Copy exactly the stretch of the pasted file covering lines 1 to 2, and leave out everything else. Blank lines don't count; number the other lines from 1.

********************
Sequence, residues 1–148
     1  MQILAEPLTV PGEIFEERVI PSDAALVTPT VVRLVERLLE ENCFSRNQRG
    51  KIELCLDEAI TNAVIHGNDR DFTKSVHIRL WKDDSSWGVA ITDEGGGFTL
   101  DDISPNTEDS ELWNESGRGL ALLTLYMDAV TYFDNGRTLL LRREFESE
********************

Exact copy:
Sequence, residues 1–148
     1  MQILAEPLTV PGEIFEERVI PSDAALVTPT VVRLVERLLE ENCFSRNQRG